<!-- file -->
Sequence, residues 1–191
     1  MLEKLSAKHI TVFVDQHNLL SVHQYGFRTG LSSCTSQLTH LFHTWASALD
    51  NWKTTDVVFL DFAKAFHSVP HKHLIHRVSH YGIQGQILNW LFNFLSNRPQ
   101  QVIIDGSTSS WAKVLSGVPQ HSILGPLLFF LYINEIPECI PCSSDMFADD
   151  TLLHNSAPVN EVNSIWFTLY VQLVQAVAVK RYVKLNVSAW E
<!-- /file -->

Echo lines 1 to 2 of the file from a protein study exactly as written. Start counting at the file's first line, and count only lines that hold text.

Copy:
Sequence, residues 1–191
     1  MLEKLSAKHI TVFVDQHNLL SVHQYGFRTG LSSCTSQLTH LFHTWASALD